On the other hand however, rack and power densities are increasing and end-users want to leverage more processing and computational power. High performance computing (HPC), GPU’s and AI technologies are placing increased demands on data centres from a performance, power and cooling perspective. This means new data centres have to be designed for sustainable operations, but be flexible to accommodate the needs of GPU’s, chip and processor power.
However, the real challenge lies within legacy facilities, which also need to be modernised and become more efficient. This is crucial in the quest for Net Zero and will help reduce operating expenditure (OPEX), energy consumption and greenhouse gas (GHG) emissions.
How do you deal with stress and unwind outside of the office?
I believe it’s really important to create a work/life balance. Working from home during the pandemic has meant this is more important than ever, so for me it means switching off at the end of the day and making a clear distinction between work life and home life.
That can be as simple as cooking for the family each night. Not only do I enjoy it, but it helps me refocus and enjoy family time. So, the lesson here is finding something that allows you to switch off, so you can start the following day refreshed and ready to go.
If you could go back and change one career decision, what would it be?
Over time there are so many decisions you make; some work out some don’t. But that’s all part of the learning process. At the time you do what you believe will drive the results you want, be it a specific role you take on, a customer you work with, or a hire you make. The important thing is to understand why it didn’t work out how you wanted, what you could have done differently and what you can learn from it. It’s unrealistic to think we will always get things right so there is nothing I would change.
What are the region-specific challenges when implementing new technologies in Europe?
It’s important to remember that Europe is not one state, it’s a region made up of different countries and cultures. That may sound obvious, but when you are looking to expand a business into Europe you need to take this into account. Within some countries it’s essential you have a local presence and understand how the locals do business. Sometimes the biggest challenge is really in understanding how you achieve this.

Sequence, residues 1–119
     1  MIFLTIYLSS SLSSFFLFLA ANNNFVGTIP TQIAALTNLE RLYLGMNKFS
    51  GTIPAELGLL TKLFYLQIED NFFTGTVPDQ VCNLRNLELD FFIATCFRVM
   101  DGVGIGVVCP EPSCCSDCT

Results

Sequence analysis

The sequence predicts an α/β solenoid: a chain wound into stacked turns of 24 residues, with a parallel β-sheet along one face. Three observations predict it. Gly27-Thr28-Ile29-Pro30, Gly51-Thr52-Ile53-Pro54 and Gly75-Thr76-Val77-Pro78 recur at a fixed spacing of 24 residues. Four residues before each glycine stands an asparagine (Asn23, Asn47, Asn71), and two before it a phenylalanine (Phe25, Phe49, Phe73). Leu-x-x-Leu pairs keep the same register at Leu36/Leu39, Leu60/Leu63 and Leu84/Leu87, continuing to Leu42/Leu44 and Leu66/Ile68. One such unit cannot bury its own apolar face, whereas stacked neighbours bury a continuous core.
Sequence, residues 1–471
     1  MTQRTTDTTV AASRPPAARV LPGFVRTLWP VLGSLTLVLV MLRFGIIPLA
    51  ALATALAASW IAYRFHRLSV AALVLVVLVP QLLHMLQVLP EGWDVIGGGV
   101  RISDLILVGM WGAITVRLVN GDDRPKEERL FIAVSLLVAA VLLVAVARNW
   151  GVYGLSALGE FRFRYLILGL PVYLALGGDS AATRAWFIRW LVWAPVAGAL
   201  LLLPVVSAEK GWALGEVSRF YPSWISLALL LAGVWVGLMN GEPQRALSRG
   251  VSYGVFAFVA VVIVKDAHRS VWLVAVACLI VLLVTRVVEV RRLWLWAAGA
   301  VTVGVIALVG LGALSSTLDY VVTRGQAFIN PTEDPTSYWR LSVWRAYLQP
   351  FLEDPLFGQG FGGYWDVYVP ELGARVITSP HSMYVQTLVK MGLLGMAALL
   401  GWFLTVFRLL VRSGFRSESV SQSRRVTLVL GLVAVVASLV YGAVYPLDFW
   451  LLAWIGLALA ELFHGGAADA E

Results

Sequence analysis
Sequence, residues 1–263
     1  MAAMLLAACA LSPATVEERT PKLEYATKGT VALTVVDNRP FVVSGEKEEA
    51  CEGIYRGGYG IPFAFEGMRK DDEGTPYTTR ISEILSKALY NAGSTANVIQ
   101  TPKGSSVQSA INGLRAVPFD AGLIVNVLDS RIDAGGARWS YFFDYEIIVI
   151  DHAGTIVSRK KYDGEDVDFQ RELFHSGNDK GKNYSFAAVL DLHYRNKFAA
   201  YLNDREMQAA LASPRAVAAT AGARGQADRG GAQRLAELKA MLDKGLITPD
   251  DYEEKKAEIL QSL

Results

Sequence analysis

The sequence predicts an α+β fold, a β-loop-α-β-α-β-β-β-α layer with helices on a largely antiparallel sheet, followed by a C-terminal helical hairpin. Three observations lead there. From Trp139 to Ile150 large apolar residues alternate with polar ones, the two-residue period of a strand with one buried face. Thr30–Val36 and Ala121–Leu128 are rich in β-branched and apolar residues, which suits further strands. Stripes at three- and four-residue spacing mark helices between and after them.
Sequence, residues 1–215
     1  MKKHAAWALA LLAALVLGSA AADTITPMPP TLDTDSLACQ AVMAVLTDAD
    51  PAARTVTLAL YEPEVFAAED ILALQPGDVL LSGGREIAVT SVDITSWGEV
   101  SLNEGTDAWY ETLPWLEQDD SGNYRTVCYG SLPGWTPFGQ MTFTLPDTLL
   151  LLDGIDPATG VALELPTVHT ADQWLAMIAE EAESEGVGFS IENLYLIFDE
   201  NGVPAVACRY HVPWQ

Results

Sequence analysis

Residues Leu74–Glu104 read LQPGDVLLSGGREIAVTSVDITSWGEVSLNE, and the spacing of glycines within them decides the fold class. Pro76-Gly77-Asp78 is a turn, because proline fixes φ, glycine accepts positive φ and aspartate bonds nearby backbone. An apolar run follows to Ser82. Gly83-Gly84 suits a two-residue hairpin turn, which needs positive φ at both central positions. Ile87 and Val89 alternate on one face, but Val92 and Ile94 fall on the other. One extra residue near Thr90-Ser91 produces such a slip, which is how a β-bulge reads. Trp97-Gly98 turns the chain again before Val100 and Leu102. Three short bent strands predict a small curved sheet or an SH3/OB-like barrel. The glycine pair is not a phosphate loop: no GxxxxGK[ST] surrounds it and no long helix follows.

In a smaller and more agile company you can manage this through partnerships or potential acquisition, but you have to consider what the logistical challenges are, especially in countries that are not part of the EU. Is language going to be a barrier in explaining your technology in country and how can you work with local experts to build a team that will support customers effectively.
It’s also crucial to understand both EU and local regulations that could potentially impact your offering. One such example is Amsterdam’s drive to ensure new data centres are energy efficient, so here it’s paramount to tailor your offer to the customers needs and ensure you’re offering a solution that can support demands for energy efficiency.
What changes to your job role have you seen in the last year and how do you see these developing in the next 12 months?
For me personally it has been an interesting 12 months. Starting a new role during the pandemic is not without its challenges, especially with everything being conducted remotely. I personally cannot wait to start having face-to-face meetings, as no matter how important video calls have become, nothing beats meeting customers personally and building relationships.
From a company perspective we also have plans to increase our headcount across the region in the next twelve months and accelerate awareness of our data driven sustainability and efficiency solutions.
What advice would you offer somebody aspiring to obtain C-level position in your industry?
The great thing about our industry is it is always evolving. New technologies come and go, innovation is key to everything and with this, career opportunities are limitless. If you decide you want to move into a C-level position, the only thing holding you back is you. Do your research, constantly learn about where the market is going lead by example at all times and work hard to support your customers – the rest will come.Click below to share this article